domains. A structured hexahedral mesh was used for the guide vane domain and rotor
passage. A total pressure inlet boundary condition equivalent to four meters gross head was
used and the outlet boundary condition was set to an opening with an average relative
pressure to atmosphere of zero.

The rotational speed of the rotor passage was varied between 400 to 1600 rpm
in order to get a turbine characteristic curve for torque, power, flow rate and efficiency over
the full speed range. The recommended turbulence model7 used for the simulations was the
k- ε (k-epsilon) model, which within CFX uses a scalable wall function to improve robustness
and accuracy near the wall.
Figure 3. Preliminary CFD results for the original rotor at 600 rpm speed

Figure 3 shows the results from the original rotor simulations plotted for a constant speed of
600 rpm. Maximum turbine efficiency was predicted to be approximately 55% with a head of
3.1 m, flow rate of 256 l/s and corresponding power output of 4.2 kW. However, available
flow rate at the site was measured to be approximately 180-220 l/s and therefore, a more
accurate operation point would be at a head of 2.0 m, flow rate of 210 l/s and output power
of 1.7kW. These results therefore confirmed the problems encountered during initial
operation of the turbine with the water in the fore bay tank emptying from only 2 m.

 NEW ROTOR DESIGN

Figure 4. CFD simulation a) old rotor design b) new rotor design

Figure 4 shows the old and new rotor designs. For the new rotor simulations, a mesh was
created of the same size and quality as the original rotor passage and the CFD simulations
were performed using the same boundary conditions and turbulence model with the old rotor
modeling. As expected, it was found that the new rotor geometry produced a significant
reduction in the flow rate needed for a given power output and the power curve
demonstrated a much flatter characteristic over the speed range than the original rotor as
seen in Figure 5 below.

Figure 5. CFD results for power and flow rate at 4m head

Revised Field Tests and Revised CFD Simulation


Shown in Figure 7 below is the new rotor. This was manufactured in Peru by bending and
twisting flat sheet metal into the required shape of the blades and then welding to the hub.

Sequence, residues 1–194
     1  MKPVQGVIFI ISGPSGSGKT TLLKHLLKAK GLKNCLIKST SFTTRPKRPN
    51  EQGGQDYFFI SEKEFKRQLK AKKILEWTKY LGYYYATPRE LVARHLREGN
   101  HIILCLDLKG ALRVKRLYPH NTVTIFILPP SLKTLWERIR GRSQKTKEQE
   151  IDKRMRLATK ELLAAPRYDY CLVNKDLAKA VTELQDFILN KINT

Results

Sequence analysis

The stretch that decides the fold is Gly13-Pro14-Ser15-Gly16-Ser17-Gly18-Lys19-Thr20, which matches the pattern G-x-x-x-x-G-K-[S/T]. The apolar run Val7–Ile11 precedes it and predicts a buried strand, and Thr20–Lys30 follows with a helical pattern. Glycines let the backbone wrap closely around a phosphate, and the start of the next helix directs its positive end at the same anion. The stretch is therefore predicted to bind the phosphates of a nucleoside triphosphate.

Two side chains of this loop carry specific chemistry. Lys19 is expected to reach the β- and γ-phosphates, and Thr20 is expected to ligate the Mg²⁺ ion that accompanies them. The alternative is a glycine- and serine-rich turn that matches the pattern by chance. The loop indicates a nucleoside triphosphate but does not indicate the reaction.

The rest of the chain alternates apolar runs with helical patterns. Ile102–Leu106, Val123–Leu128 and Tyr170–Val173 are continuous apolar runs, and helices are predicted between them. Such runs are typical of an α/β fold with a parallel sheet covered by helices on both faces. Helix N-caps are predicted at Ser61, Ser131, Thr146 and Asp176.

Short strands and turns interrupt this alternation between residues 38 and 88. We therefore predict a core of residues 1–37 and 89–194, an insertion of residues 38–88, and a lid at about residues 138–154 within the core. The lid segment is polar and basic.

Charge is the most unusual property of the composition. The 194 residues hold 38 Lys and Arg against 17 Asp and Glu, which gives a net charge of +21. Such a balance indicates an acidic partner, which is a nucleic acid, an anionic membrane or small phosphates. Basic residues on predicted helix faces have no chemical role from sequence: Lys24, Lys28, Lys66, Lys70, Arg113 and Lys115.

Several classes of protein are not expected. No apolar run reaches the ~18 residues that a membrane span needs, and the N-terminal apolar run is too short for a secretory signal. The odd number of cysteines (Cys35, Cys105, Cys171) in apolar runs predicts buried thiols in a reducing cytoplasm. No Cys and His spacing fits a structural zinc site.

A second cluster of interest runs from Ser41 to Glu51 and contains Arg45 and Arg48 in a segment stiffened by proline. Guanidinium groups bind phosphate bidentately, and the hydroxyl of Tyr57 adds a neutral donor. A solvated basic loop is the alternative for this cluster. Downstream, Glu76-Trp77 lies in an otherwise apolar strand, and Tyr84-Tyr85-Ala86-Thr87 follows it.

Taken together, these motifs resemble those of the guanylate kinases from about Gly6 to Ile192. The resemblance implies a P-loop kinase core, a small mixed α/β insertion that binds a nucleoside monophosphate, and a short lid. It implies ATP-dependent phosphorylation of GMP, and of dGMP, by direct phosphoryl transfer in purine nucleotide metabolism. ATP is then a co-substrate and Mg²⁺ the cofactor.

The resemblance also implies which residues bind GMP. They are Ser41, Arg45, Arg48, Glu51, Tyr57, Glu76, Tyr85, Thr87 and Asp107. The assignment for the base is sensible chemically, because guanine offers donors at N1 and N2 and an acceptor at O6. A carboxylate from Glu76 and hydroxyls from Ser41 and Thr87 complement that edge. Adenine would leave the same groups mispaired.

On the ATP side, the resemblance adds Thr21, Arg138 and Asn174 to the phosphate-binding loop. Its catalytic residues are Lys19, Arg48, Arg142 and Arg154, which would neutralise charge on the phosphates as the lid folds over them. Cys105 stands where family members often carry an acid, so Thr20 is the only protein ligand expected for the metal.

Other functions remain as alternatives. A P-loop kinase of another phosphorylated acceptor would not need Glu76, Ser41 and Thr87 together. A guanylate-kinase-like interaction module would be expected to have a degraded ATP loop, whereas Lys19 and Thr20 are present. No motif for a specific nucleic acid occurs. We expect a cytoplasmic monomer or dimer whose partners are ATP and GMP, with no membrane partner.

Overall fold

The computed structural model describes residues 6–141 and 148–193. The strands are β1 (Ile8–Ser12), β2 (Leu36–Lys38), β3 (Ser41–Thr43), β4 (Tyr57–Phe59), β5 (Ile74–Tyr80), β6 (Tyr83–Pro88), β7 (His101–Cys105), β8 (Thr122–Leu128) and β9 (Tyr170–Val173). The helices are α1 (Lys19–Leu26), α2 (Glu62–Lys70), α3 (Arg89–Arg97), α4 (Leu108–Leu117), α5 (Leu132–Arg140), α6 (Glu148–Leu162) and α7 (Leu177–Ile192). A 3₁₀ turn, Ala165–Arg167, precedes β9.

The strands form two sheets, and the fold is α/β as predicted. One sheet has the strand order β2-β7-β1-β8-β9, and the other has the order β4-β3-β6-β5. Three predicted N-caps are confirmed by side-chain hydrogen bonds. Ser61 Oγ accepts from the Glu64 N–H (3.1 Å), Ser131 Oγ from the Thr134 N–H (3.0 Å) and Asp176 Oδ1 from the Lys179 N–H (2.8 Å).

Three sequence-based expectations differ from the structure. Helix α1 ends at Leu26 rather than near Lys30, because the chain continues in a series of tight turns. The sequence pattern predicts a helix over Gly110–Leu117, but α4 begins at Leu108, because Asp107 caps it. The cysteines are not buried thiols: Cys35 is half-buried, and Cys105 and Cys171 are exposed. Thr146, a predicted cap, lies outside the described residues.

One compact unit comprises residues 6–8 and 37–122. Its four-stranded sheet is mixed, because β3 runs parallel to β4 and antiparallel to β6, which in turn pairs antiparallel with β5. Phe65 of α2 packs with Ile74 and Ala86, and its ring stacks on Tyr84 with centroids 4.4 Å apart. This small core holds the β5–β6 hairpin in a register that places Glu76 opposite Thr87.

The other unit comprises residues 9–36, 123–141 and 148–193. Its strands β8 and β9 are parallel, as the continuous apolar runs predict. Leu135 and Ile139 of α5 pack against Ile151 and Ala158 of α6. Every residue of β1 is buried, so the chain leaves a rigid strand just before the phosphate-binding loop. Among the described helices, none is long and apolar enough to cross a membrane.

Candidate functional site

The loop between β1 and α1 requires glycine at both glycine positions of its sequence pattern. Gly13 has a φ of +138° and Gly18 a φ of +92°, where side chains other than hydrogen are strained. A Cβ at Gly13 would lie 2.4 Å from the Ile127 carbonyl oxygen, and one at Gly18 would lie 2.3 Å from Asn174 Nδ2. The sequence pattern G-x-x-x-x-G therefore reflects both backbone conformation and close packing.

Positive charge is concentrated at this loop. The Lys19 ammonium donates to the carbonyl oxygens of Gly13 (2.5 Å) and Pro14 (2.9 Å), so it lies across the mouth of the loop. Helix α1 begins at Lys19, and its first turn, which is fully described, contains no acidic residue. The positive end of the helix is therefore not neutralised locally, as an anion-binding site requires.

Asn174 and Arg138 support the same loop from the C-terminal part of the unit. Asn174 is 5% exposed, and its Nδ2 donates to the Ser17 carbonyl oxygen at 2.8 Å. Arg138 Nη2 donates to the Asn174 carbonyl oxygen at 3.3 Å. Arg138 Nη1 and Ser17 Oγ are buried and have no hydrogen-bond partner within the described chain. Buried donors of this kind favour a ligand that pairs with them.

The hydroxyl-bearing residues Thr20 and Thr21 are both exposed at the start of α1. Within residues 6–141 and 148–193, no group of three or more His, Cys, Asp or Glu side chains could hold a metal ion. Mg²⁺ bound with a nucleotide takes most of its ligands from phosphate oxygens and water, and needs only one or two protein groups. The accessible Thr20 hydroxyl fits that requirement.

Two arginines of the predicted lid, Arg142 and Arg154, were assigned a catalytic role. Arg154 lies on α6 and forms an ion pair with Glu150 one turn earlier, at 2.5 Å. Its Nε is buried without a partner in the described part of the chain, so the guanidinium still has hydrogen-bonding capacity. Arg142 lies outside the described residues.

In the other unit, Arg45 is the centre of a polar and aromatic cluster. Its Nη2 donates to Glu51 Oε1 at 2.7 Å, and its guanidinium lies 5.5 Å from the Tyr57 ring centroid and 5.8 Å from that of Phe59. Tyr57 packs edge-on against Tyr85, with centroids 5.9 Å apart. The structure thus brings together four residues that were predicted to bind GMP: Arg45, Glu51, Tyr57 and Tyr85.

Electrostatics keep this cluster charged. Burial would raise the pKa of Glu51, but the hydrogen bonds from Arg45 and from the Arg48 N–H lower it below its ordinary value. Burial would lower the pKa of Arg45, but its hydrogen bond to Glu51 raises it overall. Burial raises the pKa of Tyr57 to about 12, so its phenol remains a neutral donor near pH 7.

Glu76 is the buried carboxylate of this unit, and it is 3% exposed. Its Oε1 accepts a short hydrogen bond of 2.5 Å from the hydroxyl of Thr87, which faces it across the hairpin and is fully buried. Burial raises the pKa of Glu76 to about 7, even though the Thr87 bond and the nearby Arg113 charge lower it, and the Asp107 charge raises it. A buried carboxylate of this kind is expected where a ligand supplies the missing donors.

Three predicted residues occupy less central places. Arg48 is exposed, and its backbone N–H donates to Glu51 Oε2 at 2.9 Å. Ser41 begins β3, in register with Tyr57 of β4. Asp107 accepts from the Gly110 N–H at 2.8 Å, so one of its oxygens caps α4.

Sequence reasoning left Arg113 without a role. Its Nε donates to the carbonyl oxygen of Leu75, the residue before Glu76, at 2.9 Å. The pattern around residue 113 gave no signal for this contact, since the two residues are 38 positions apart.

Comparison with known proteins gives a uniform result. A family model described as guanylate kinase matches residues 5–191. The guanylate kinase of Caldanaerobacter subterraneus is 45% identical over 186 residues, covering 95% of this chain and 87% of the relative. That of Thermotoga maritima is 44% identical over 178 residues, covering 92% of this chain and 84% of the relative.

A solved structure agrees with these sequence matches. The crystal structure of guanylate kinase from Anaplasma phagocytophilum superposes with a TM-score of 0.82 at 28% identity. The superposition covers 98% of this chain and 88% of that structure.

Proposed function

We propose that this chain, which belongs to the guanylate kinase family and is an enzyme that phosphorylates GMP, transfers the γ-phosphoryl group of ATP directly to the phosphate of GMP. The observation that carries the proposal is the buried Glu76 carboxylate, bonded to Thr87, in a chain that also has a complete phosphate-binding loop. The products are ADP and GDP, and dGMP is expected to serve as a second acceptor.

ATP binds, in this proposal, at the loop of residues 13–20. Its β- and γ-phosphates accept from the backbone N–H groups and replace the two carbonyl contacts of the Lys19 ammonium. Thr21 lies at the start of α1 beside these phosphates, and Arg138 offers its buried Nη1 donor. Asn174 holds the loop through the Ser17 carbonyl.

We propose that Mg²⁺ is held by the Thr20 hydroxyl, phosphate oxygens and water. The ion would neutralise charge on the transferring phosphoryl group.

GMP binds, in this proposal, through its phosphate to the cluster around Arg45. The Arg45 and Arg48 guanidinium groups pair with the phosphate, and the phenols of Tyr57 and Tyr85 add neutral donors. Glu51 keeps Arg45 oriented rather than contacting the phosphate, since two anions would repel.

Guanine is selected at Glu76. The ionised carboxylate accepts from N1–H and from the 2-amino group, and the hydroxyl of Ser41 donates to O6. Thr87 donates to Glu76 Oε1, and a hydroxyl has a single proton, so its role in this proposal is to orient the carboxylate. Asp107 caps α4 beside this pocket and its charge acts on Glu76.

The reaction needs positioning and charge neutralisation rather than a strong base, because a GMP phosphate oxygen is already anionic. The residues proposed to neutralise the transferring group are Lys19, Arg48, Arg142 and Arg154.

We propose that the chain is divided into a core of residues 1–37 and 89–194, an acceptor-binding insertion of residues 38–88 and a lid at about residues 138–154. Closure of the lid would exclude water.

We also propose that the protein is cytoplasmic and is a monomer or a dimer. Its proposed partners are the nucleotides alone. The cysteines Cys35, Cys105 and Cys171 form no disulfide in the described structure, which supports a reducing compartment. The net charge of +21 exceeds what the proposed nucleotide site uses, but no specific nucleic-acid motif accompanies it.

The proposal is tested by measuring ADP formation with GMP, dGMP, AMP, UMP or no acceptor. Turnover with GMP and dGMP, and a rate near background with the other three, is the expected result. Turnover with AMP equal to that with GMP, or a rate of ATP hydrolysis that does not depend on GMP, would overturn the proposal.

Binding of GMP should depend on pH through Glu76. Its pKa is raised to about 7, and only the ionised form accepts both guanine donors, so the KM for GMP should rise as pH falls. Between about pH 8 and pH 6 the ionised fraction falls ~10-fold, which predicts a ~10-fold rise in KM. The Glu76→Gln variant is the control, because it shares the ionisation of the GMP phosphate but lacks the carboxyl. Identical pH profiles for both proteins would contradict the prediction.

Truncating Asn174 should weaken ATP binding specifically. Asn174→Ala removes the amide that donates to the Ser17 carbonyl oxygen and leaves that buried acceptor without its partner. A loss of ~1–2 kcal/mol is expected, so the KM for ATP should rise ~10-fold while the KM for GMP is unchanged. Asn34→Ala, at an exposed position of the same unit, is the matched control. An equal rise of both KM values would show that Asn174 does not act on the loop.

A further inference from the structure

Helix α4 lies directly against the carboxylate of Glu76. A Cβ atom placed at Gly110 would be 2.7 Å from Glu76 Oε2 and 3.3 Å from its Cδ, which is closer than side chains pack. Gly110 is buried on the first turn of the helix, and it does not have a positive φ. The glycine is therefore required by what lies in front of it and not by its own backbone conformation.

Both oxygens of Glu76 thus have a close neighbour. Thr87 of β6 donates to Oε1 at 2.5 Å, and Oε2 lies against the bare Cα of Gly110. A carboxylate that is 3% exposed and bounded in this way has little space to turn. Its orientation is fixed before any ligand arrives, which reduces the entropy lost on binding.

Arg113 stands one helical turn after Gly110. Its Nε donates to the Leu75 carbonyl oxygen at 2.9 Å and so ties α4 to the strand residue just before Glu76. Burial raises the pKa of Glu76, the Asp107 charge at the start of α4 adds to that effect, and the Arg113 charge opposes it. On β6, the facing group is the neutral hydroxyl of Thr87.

One side effect of this manufacturing technique was that the blades ended up with a slight S-
shape due to the twisting.

Figure 6. New simplified rotor manufactured in Peru

Data obtained from the turbine tests of the new rotor consisted of torque, speed, flow rate
and total head. From these the mechanical power output and efficiency were calculated. A
brake using a flat belt and spring balances was used to measure the torque and the speed was
measured using a handheld optical tachometer. Gross head between the level of water in the
forebay tank and tailrace was measured using predetermined height markings. By
constructing a flume at the exit of the turbine it was also possible to measure the flow rate
through the turbine.
A new CFD model was created taking into account parameters and geometry changes that
were not included in the original simulations. This was to get more accurate comparison
between the field tests and CFD simulation results. These improvements were:
• Inclusion of the penstock flow volume.
• Revised geometry for the rotor blade using measurements from the finished product
and incorporating the S shape of the blades.
• Revisions to the geometry for the spiral casing and guide vanes taken from
measurements onsite.
• Inclusion of all four passages for the rotor domain. This provides a more accurate model
taking into account the non-uniform nature of the flow from the spiral casing.
• Inclusion of a 3mm blade tip gap (approximately 3.5% of blade span length)